Exemestane as first-line therapy in postmenopausal women with recurrent or metastatic breast cancer

Stefan Glück

Research output: Contribution to journalReview articlepeer-review

13 Scopus citations

Abstract

Antiestrogen therapies generally offer significant disease control to hormone receptor-positive recurrent or metastatic breast cancer patients and are substantially better tolerated than standard chemotherapy regimens, thus representing an attractive first treatment option. The steroidal aromatase inhibitor (AI) exemestane exhibits antitumor effects by lowering full-body estrogen production in postmenopausal women and is an established treatment option for metastatic breast cancer. We review data from 2 recent phase III clinical trials that have confirmed exemestane activity in the first-line metastatic breast cancer setting, with moderate improvements in median progression-free survival (10-12 months) and objective response rates (37%-46%) compared with tamoxifen. The activity of first-line exemestane is comparable with other antiestrogen therapies, including fulvestrant and the nonsteroidal AIs letrozole and anastrozole. Additional findings demonstrating the clinical benefits of exemestane in women who previously progressed on nonsteroidal AIs highlight a partial lack of cross-resistance between these therapies and reinforce the opportunity to use multiple antiestrogen treatments sequentially. Future therapeutic developments in hormone receptor-positive metastatic breast cancer could include combinations with other targeted compounds plus AIs or other antiestrogen-based combinations and the identification of new strategies to evaluate differences among antiestrogen therapies to help optimize the treatment sequence and potential combinations.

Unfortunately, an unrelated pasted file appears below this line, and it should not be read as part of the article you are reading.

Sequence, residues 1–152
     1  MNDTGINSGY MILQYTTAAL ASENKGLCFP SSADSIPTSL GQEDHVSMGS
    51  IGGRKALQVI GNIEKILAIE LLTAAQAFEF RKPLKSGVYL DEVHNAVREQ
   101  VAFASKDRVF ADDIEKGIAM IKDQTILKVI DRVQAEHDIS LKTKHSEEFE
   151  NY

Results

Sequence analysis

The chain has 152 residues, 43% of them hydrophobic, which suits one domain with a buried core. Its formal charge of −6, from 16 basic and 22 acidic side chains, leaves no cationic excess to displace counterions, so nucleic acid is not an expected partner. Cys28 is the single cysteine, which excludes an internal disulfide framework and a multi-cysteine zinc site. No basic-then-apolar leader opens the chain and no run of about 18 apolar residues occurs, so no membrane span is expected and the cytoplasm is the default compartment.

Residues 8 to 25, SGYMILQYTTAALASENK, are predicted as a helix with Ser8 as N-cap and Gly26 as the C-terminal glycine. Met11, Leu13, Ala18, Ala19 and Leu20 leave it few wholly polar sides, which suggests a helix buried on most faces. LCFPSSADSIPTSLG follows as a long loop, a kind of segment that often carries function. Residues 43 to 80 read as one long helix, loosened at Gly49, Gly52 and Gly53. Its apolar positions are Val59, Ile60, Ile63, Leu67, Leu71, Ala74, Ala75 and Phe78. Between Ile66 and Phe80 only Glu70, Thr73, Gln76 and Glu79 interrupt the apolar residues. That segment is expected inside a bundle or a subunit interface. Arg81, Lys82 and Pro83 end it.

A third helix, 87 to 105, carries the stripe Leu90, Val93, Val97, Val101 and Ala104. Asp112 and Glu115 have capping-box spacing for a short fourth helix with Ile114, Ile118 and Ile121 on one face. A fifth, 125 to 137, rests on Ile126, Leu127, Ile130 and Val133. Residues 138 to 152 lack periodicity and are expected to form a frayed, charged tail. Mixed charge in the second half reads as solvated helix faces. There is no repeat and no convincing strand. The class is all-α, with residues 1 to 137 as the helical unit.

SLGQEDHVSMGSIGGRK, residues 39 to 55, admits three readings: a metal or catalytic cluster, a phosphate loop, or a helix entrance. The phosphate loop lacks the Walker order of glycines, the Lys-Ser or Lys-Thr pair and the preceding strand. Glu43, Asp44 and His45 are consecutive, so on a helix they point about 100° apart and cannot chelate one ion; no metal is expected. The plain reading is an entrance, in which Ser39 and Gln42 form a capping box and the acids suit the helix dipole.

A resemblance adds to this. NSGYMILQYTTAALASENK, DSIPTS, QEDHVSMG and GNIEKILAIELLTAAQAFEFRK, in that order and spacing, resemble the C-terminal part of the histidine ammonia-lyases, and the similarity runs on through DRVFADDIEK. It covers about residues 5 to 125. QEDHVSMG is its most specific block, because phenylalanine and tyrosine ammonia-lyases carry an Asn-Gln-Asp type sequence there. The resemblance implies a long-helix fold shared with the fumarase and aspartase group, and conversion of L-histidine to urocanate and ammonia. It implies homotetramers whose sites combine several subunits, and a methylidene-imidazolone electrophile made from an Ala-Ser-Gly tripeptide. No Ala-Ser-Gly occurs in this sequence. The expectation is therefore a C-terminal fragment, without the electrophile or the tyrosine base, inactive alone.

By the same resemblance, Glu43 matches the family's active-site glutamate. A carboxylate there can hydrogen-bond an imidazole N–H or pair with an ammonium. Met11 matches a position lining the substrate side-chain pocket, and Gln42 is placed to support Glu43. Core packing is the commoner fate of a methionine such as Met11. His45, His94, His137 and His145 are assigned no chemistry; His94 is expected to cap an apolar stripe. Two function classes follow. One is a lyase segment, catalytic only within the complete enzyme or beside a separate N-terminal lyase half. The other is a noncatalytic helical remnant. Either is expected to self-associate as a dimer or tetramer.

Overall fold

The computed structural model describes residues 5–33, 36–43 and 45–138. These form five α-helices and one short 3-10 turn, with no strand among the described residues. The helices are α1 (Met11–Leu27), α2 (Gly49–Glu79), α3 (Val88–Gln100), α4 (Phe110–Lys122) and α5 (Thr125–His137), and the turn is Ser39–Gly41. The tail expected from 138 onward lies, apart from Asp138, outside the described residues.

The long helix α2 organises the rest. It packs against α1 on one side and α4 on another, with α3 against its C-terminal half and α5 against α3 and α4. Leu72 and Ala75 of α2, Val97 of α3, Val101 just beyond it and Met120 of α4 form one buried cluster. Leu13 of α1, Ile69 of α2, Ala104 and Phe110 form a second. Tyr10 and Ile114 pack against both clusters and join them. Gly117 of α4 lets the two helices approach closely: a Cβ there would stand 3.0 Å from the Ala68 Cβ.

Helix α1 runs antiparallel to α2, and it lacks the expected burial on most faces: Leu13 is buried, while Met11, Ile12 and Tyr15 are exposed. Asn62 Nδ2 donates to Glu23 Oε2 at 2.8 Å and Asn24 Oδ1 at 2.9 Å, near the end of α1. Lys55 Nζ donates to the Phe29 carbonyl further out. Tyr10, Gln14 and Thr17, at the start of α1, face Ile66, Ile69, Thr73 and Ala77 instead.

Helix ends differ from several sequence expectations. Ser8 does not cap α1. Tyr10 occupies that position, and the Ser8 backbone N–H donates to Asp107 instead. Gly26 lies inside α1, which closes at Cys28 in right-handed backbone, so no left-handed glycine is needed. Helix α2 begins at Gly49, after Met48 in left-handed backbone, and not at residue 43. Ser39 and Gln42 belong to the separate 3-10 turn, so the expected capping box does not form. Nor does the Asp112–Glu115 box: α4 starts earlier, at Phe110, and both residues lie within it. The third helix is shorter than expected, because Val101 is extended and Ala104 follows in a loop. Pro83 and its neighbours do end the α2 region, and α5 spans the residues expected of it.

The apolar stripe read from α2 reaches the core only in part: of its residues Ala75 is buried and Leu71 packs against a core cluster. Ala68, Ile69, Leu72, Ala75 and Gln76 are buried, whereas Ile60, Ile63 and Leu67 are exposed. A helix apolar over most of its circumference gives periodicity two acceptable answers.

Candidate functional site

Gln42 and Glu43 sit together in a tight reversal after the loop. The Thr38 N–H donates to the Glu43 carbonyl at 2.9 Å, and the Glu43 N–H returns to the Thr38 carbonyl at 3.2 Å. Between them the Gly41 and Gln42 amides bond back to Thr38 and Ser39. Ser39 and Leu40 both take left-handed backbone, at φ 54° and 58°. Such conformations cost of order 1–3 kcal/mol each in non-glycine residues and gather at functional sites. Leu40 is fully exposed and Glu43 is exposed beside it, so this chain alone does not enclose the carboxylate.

Original languageEnglish (US)
Pages (from-to)314-319
Number of pages6
JournalAmerican Journal of Clinical Oncology: Cancer Clinical Trials
Volume33
Issue number3
DOIs
StatePublished - Jun 1 2010

Keywords

  • Aromatase inhibitor
  • Exemestane
  • Hormonal therapy
  • Metastatic breast cancer

ASJC Scopus subject areas

  • Oncology
  • Cancer Research

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